Half of the world’s economies are already five years past a peak in fossil-fuelled power generation, with the majority of that output displaced by clean electricity, concludes a new analysis released this morning by London, UK-based energy think tank Ember.
“Not many people realize just how many countries’ power sectors are already well into a phase of fossil decline,” said Ember’s head of data insights, Dave Jones. “For many countries, this was done simultaneously to rising electricity demand.”
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Out of a dataset of electricity figures from 215 countries, 107 economies accounting for 38% of global electricity demand are at least five years past peak fossil power, with emissions falling 20% in the last decade, Ember found.
And “economies that are at least one year past a peak in fossil power represent 50% of global demand, setting the stage for a peak and subsequent decline in global power sector emissions.”
Some 78 of these economies have displaced fossil fuels from their power sectors through clean electricity growth in the years since a post-2000 fossil power high, Ember said in a release. “As many as 45 of them did so despite an increase in overall electricity generation, in most cases driven by an increase in electricity demand.”
Ember’s findings follow previous analyses predicting either that power sector emissions would structurally fall in 2023 for the first time, or would plateau if adverse hydropower conditions required additional fossil fuel use. With data for the year still accumulating, The results so far are too close to make a final call about 2023, but Ember expects 2024 to start a new era of falling power sector emissions.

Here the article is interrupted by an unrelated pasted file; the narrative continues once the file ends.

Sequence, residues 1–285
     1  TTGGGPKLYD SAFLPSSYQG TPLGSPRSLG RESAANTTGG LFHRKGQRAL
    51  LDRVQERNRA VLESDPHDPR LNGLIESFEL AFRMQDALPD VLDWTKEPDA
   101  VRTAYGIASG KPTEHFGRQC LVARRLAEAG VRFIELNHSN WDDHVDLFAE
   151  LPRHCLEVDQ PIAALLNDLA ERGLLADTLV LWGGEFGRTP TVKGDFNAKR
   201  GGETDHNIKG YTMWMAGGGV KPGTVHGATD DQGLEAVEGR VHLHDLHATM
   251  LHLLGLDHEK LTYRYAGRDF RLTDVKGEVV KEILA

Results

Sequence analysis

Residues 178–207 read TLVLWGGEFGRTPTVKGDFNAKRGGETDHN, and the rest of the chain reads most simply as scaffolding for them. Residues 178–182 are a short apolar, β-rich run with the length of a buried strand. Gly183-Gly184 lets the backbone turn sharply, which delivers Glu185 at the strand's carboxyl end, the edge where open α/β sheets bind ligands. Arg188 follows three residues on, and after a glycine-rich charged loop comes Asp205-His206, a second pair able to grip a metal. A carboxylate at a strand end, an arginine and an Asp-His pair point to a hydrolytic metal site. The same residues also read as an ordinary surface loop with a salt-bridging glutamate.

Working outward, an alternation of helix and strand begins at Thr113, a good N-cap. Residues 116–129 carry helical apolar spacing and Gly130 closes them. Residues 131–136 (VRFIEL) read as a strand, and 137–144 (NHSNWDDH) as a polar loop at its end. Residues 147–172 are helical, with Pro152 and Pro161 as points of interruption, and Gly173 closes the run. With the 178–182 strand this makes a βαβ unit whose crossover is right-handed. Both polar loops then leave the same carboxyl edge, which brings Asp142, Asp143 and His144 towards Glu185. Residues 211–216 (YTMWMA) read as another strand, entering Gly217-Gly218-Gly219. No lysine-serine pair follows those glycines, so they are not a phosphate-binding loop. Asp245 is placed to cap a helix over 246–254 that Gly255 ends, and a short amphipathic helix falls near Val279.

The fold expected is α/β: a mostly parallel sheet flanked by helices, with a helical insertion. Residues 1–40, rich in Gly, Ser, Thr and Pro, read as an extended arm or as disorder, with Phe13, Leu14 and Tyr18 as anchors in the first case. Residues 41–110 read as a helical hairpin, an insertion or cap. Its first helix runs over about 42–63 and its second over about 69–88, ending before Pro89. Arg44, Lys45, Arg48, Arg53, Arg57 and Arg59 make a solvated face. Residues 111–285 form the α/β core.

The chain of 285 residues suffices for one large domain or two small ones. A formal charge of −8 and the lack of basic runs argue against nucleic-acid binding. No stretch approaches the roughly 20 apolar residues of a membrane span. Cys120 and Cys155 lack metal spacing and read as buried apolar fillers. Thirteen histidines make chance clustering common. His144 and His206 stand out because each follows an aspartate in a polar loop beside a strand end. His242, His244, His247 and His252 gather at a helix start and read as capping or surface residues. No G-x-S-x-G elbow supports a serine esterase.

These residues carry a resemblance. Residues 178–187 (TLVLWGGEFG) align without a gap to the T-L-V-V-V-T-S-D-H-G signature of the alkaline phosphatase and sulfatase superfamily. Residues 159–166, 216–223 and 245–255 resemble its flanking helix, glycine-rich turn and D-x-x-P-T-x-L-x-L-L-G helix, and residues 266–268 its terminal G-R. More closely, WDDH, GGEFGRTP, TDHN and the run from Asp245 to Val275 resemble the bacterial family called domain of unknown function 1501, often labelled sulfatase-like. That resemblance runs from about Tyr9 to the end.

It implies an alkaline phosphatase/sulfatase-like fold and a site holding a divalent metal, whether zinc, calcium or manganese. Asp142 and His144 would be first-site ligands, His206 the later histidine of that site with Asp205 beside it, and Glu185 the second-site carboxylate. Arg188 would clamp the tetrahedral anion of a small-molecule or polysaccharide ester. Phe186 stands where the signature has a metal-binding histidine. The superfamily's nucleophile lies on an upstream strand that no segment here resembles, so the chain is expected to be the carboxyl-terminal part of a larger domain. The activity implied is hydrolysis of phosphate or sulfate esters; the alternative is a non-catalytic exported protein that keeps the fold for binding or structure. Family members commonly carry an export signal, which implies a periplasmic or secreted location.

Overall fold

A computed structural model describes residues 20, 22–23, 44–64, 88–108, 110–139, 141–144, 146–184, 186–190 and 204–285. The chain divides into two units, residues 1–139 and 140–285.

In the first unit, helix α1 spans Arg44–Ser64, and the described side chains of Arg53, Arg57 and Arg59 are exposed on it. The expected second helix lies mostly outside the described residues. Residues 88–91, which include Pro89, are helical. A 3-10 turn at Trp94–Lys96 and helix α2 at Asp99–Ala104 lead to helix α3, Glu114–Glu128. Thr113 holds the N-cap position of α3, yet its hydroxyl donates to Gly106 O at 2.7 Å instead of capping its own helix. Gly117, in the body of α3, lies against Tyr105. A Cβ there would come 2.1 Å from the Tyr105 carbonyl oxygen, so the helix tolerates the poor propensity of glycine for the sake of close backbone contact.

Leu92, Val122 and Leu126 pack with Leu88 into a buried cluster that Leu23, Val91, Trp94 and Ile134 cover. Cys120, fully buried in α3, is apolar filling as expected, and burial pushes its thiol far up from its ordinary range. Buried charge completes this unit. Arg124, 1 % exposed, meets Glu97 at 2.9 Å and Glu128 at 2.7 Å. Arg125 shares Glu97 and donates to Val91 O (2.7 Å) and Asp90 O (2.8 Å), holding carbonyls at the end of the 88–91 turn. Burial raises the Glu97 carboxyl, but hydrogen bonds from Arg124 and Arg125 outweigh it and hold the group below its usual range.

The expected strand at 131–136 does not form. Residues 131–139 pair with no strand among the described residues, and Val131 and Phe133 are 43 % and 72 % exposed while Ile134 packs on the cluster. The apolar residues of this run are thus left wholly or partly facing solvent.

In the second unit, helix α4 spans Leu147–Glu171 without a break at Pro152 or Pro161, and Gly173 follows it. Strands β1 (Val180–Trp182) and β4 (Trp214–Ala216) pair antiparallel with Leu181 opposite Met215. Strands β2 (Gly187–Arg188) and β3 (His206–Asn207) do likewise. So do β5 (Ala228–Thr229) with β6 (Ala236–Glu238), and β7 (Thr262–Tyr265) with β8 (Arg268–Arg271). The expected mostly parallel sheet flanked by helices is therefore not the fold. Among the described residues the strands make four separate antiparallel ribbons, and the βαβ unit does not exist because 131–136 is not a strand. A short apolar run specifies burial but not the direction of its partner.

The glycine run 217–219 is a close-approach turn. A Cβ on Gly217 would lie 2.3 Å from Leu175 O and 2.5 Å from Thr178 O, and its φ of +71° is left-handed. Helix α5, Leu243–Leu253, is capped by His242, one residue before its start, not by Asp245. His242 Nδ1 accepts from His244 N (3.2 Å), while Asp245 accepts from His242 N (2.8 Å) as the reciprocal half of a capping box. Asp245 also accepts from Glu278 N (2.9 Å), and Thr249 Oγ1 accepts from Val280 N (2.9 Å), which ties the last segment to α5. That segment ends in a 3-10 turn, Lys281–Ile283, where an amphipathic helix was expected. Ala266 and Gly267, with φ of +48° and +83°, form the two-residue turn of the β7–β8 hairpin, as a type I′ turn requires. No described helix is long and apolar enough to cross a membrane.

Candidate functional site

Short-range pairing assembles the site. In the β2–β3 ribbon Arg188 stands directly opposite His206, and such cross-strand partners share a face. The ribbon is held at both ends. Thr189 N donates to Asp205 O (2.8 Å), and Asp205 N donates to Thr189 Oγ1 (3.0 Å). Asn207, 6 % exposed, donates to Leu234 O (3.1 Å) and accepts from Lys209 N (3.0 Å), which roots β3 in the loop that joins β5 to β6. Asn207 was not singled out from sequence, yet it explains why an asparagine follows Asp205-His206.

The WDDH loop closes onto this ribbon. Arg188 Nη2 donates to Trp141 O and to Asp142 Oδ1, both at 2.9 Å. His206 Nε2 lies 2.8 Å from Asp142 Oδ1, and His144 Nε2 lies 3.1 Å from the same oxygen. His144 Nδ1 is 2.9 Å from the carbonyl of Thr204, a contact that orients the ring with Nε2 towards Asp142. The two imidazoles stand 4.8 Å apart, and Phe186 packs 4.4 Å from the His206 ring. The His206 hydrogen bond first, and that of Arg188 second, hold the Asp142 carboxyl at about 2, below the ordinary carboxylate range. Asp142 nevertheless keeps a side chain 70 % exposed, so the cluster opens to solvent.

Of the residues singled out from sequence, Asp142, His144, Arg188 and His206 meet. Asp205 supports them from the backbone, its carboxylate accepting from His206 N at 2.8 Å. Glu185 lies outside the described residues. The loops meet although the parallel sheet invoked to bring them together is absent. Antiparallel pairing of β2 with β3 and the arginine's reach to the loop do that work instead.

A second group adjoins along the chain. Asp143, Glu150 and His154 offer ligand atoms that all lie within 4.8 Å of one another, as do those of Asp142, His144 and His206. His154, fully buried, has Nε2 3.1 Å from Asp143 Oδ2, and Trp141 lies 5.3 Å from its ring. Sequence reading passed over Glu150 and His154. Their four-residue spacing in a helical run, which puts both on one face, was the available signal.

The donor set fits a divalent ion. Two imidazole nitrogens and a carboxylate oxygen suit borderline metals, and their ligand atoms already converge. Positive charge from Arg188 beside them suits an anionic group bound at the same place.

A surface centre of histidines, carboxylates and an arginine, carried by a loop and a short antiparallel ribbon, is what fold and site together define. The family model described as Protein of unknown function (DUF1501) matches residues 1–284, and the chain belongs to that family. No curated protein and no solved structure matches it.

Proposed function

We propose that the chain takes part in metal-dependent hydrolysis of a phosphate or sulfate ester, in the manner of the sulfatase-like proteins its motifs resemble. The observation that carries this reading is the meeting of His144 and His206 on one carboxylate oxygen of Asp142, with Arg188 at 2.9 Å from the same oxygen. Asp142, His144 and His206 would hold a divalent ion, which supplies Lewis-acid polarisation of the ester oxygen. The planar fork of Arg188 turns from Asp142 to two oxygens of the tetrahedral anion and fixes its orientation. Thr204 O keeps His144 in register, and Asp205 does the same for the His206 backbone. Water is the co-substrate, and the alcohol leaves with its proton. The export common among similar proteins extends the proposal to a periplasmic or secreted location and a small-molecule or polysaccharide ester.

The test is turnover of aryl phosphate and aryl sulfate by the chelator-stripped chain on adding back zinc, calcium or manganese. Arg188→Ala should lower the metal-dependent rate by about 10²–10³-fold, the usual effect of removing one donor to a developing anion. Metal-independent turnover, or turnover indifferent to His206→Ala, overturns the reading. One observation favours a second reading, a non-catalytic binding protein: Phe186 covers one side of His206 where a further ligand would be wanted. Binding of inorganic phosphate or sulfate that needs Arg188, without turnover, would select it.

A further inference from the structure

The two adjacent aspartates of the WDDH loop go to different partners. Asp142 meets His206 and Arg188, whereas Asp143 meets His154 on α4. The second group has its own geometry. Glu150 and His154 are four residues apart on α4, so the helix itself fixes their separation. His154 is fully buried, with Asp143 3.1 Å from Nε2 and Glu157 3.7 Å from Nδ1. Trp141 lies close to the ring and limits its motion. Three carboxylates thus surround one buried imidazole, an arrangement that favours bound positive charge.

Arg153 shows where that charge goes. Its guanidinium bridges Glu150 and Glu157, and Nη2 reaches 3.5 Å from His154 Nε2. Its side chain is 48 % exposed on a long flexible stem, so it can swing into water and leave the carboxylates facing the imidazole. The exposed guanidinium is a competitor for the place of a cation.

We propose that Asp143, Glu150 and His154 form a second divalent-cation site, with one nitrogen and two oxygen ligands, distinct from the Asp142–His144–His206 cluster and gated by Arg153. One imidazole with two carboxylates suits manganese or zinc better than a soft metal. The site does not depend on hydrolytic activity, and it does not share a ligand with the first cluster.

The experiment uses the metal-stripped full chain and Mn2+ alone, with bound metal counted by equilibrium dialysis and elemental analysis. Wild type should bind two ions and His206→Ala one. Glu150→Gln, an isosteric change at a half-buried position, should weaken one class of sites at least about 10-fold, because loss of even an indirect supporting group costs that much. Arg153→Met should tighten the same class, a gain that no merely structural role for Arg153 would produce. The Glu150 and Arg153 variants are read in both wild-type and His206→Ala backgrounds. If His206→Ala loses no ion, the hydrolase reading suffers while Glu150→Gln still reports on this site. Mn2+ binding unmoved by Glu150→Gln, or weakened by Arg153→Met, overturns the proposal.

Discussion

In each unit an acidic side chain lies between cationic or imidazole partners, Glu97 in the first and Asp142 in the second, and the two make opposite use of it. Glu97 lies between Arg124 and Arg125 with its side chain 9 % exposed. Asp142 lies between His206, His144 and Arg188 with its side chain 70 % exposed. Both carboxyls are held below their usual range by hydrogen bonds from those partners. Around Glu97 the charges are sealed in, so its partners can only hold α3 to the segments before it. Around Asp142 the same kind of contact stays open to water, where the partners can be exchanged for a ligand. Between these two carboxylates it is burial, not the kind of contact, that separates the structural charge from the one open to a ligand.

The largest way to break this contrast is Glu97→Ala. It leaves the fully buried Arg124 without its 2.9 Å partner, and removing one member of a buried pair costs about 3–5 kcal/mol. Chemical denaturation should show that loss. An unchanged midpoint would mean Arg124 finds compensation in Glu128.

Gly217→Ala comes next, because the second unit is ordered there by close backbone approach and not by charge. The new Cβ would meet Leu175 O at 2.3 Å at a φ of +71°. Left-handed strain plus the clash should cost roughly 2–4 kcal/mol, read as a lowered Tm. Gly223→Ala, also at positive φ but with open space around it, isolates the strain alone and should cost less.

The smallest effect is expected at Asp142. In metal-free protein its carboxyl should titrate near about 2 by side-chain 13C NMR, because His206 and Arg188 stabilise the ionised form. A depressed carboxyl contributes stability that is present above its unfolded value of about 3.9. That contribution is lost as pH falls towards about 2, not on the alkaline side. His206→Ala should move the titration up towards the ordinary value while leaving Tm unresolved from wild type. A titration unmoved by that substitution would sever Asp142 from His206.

The shift towards renewables is gaining momentum in the power sector. A decade ago, utilities in the United States balked at former president Barack Obama’s clean power regulations, but now nearly all the country’s large utilities are aiming for net-zero by 2050, writes Canary Media.
And “A growing subset of the industry isn’t waiting a couple of decades to act: They’re pushing for 80% carbon reductions by 2030.”
Canary Media says 25 utilities have entered the “2030 Club”—a Smart Electric Power Alliance (SEPA) initiative to recognize utilities that have set voluntary carbon-cutting goals that exceed the state mandates that govern them. The initiative helps “explore the characteristics that enabled these utilities to become early adopters and innovators in the utility carbon reduction arena,” says SEPA. It also provides benchmarking and best practices for utilities that are preparing to meet their own carbon reduction targets.
2030 Club members include some of the largest utility parent companies in the U.S., as well as small municipal and co-op utilities across the country—even from states where climate policies are less ambitious. Their carbon reduction strategies range from behind-the-meter customer programs to deploying energy storage and grid modernization technologies.
“There’s leadership being demonstrated across these ownership profiles, across geographies, across operational characteristics,” said Lakin Garth, SEPA’s director of emerging technologies. “If we can show that it’s happening across the country—red state, blue state, green state—that’s important.”
The list owes an “intellectual debt” to club member Xcel Energy, Canary Media says. The utility has moved forward with ambitious emissions reductions since 2018, and recently filed plans for achieving its net-zero goals at its Colorado facility. “It’s a proposal for state regulators to sign off on, but it also reads like a blueprint for other utilities looking to decarbonize fast,” writers senior reporter Julian Spector.
Xcel wants to stop burning coal by 2030 and help coal plant communities make the transition to other forms of employment. It also wants to double renewable generation in the system with added wind, solar, and grid storage. The price tag for all that is about US$15 billion, with $10 billion coming from incentives under the Biden administration’s Inflation Reduction Act, Xcel says.
Other 2030 Club members have different approaches, with wire utilities focusing on preparing their grids—for an influx of renewables and for heightened demand. Some utilities are helping customers manage that demand through improved efficiencies and demand response from virtual power plants.
With these 25 U.S. utilities showing that grid transformation can be accomplished in a short time, Canary Media says the list “leaves room for hundreds of other utilities that could pick up their pace.”